• Vision Screening of Disadvantaged Children

    By Jean Shaw
    Selected By: Deepak P. Edward, MD

    Journal Highlights

    Journal of AAPOS
    Published online April 24, 2019

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    Barugel et al. compared the specific­ity and sensitivity of the Spot Vision Screener, a handheld automatic photo­screener, with gold standard cyclople­gic measurements in a population of underprivileged children and teenagers with limited access to medical care. They found that although the handheld screener detected most refractive errors, it fell short in accurately identifying cases of hyperopia.

    For this study, 41 children 4 years and older with poor access to medical care were recruited by social workers and referred to a single hospital in Paris for refractive error screening during a full-day dedicated session. The children had a mean age of 126 months (range, 48-246 months).

    The same orthoptist performed noncycloplegic refraction measurements using the Spot Vision Screener in all patients. In the absence of contrain­dications, cycloplegic autorefraction using the Retinomax K-Plus 3 autore­fractometer (Righton) was performed and independently evaluated by an ophthalmologist. Slit-lamp and fundus examinations were performed in all cases. Glasses were prescribed as nec­essary.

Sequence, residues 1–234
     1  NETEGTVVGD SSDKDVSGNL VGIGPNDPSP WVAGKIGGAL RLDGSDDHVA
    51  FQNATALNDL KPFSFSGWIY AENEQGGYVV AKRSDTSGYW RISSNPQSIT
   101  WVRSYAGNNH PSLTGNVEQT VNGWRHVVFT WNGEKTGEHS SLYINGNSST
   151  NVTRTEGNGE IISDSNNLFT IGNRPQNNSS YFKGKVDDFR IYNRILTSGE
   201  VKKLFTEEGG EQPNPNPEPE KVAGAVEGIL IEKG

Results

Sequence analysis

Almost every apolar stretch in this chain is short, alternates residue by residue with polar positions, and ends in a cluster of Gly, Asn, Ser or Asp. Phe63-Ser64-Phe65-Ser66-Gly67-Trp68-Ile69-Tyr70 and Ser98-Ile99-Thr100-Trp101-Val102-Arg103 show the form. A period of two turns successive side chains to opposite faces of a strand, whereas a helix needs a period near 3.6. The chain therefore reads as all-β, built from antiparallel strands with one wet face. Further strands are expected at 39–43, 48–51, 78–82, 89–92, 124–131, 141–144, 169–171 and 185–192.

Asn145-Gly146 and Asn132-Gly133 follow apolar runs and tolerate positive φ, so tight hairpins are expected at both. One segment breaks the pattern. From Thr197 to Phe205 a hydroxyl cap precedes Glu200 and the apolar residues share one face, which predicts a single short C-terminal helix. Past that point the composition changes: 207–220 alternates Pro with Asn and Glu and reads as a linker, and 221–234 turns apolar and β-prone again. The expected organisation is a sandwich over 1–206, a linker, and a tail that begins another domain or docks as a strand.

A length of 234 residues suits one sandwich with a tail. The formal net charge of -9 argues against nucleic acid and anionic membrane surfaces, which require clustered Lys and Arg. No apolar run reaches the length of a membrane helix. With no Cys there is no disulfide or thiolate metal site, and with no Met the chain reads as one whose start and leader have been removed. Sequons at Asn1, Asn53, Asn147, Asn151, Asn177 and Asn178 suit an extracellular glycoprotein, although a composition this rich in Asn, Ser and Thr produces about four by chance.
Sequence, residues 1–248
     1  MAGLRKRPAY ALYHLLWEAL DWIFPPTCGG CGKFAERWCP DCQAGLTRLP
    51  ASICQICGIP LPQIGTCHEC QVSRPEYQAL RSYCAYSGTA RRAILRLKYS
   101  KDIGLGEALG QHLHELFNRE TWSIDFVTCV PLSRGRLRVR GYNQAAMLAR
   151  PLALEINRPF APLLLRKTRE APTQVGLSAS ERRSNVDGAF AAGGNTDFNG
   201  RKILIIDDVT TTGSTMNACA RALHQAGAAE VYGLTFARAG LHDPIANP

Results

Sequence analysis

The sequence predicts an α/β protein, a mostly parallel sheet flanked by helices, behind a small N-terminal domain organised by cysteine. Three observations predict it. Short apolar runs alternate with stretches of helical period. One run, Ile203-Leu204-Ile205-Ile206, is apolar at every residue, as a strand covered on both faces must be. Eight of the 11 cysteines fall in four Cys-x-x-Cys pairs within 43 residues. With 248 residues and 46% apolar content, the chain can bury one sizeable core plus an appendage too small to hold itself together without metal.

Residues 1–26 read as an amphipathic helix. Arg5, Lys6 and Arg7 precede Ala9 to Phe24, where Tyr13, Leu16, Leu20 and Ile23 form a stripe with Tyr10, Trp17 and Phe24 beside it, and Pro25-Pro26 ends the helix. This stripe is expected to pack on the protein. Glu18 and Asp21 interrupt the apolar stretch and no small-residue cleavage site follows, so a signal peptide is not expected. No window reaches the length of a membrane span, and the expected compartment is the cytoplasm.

The sensitivity of the Spot Vision Screener to detect myopia was high (>80%), at 84.61%. However, its sen­sitivity for the detection of hyperopia, astigmatism, and anisometropia was lower (<80%), at 27.27%, 78.57%, and 66.67%, respectively. The specificity for hyperopia, myopia, astigmatism, and anisometropia was high, at 100%, 98.55%, 89.71%, and 94.29%, respec­tively. The referral rate was 39.02%.

    The Spot Vision Screener’s low sen­sitivity with regard to hyperopia seems to remain a limitation of the device, the researchers said, and they recommend­ed cycloplegic refraction be considered in public health initiatives. Even with this limitation, they noted that the study offered a real-world example of a dedicated day of screening in disadvan­taged children.

    The original article can be found here.